Boys usually produce normal levels of the male sex hormone testosterone after transplant, unless they had extra radiation to the testes. Most young boys will have a normal puberty. However, if your son does not show the growth spurt and sexual development of puberty, he can be tested for low levels of testosterone. If needed, he can be treated with hormone replacement therapy.
Changes in memory or learning
For many children, transplant has no effect on learning. However, some children have changes in the ways they can learn or remember information. Children who are older at transplant have a low risk of such changes. The risk may be higher for very young children. [1, 2] The risk may also be higher for children who had disease in the central nervous system or had radiation treatments. Changes in learning can appear soon after transplant, but often do not surface until years later. For example, a memory problem may not appear until a child tries to learn multiplication tables.
If your child's learning is affected, you can work with the school to meet your child's needs. Watch for drops in your child's grades or increased feelings of frustration with school. Other signs you and your child's teacher can watch for include problems with:
- Understanding what he or she reads
- Needing much more time and effort to complete work than other children do
- Math, such as remembering multiplication tables or organizing math problems
- Remembering, understanding and using information that he or she reads or sees, while having an easier time with information that is heard
- Paying attention in class
- Short-term memory
- Planning and organizing
If your child shows changes in learning ability, he or she can be assessed so you can create a plan to meet your child's needs. At your child's regular follow-up visits to the transplant center, doctors will monitor your child's development and watch for changes. See Returning to School after Transplant for more information.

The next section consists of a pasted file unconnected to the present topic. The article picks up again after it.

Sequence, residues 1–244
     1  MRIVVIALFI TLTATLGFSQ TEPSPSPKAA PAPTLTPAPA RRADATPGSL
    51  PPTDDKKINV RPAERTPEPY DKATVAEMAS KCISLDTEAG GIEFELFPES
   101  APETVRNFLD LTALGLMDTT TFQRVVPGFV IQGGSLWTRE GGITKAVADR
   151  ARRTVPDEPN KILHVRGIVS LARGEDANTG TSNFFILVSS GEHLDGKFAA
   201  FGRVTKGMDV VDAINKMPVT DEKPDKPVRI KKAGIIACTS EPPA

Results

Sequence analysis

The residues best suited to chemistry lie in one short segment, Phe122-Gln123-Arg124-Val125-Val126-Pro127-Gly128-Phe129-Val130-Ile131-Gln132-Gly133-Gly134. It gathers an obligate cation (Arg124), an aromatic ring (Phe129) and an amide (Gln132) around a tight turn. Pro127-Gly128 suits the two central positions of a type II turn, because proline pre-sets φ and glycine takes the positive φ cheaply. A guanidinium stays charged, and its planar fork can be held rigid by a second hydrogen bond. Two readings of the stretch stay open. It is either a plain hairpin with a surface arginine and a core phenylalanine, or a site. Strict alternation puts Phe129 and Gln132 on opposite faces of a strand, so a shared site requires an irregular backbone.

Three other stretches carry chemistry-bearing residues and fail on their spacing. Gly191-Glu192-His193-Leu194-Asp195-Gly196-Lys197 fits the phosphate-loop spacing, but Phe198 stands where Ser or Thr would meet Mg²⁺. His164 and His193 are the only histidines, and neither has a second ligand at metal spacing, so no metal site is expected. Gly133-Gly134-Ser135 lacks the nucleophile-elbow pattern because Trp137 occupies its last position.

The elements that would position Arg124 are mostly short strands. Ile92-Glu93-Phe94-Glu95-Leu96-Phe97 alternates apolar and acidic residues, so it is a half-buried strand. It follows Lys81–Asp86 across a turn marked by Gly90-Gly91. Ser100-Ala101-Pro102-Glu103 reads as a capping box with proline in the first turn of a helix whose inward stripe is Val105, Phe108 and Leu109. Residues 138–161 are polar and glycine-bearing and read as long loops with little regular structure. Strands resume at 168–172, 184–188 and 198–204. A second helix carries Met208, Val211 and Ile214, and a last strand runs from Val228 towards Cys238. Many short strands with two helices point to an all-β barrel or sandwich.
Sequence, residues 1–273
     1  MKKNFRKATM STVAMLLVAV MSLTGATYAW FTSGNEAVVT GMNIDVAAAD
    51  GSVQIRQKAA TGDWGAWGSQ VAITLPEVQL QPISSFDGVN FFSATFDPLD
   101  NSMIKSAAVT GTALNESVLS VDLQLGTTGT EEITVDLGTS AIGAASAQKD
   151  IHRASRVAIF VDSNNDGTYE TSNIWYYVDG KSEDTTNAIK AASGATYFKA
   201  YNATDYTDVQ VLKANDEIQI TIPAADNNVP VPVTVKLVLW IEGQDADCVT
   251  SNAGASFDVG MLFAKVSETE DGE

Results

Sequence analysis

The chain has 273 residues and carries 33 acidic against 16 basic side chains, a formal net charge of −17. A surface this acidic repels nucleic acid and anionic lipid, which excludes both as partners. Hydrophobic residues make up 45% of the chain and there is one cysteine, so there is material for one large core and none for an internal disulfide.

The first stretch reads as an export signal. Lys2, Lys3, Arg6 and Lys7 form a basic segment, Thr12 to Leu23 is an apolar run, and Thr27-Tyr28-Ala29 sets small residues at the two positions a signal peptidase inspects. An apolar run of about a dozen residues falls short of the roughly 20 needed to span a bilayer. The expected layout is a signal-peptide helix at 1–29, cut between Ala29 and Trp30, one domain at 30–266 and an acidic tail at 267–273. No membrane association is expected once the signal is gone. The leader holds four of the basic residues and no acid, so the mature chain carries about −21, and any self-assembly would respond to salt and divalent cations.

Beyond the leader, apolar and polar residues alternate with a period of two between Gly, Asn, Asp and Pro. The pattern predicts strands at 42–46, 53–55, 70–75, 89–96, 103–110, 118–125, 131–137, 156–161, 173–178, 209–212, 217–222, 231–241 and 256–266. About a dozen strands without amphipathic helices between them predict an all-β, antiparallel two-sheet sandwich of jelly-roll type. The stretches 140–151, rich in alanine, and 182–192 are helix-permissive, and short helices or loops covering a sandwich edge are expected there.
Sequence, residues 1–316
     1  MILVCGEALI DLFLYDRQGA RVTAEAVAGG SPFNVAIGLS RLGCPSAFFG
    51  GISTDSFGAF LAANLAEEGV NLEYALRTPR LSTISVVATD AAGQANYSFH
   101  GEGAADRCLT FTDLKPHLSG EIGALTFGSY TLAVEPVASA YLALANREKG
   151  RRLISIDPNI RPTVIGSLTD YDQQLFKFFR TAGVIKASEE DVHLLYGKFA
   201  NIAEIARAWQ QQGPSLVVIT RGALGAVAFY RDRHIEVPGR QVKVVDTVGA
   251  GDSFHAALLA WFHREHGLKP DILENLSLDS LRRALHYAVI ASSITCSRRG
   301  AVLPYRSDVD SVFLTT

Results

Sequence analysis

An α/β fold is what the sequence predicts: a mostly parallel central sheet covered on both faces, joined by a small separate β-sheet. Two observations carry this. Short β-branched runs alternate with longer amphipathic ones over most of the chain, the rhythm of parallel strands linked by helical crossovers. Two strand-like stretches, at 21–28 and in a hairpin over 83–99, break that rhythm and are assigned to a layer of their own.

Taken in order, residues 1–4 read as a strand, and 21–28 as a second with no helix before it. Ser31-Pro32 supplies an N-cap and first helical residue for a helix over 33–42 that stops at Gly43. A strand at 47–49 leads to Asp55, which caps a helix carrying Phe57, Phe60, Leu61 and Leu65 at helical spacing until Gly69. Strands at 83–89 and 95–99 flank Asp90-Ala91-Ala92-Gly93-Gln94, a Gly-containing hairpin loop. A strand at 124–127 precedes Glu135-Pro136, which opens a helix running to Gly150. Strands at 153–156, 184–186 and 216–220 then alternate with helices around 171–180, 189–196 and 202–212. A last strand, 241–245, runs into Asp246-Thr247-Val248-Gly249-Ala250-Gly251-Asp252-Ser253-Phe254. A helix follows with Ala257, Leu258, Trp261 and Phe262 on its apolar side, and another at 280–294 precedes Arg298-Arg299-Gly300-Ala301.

Other potential late effects
Some other potential late effects of transplant include:
- Graft-versus-host disease (GVHD).
- Thyroid problems leading to feeling very tired, weight gain, depression or other problems — Doctors will check your child's thyroid function at your child's annual follow-up visits, so problems are usually found before symptoms appear.
- Cataracts and other eye problems.
- Problems with bones, muscles or joints (musculoskeletal problems), such as osteoporosis or avascular necrosis (AVN).
- Problems with the functions of the lungs, heart or liver caused by damage to these organs.
- Mouth sores (mucositis) — A common early side effect that is a less common long-term problem, usually caused by GVHD.
- Dental problems.
- Risk of secondary cancers, especially skin cancers.
- Depression and other emotional or social problems.
There may be other possible late effects. Some of these and other late effects that may affect either children or adults are described in Managing Long-Term Effects of Transplant. Your child's disease, treatments and age at treatment all affect your child's risks. In addition, each child responds to treatment differently. Ask your child's transplant doctor about possible late effects that he or she will watch for in your child.
Resources for your doctor
Your child's follow-up care requires specialized knowledge. Your child's regular doctor should consult with your transplant doctor about any questions. We also offer resources for doctors. You can share information on Patient Care Post-Transplant with your child's doctor, or tell the doctor about the Physician section of this website.
- Phipps S, Dunavant M, Srivastava DK, Bowman L, Mulhern RK. Cognitive and academic functioning in survivors of pediatric bone marrow transplantation. J Clin Oncol. 2000; 18(5):1004-1011.
- Kupst MJ, Penati B, Debban B, et al. Cognitive and psychosocial functioning of pediatric hematopoietic stem cell transplant patients: A prospective longitudinal study. Bone Marrow Transplant. 2002; 30:609-617.
K. Scott Baker, M.D., Director, Pediatric Blood and Marrow Transplantation and Survivorship Programs, Fred Hutchinson Cancer Research Center, Seattle, Wash.Nancy J. Bunin, M.D., Director, Blood and Marrow Transplantation, Children’s Hospital of Philadelphia, Philadelphia, Pa.Eva C. Guinan, M.D., Associate Professor of Pediatrics, Harvard Medical School, Dana-Farber/Children’s Hospital, Boston, Mass.
Mary Jo Kupst, Ph.D., Professor of Pediatrics, Medical College of Wisconsin; Director, Program in Pediatric Psychology, Milwaukee, Wis.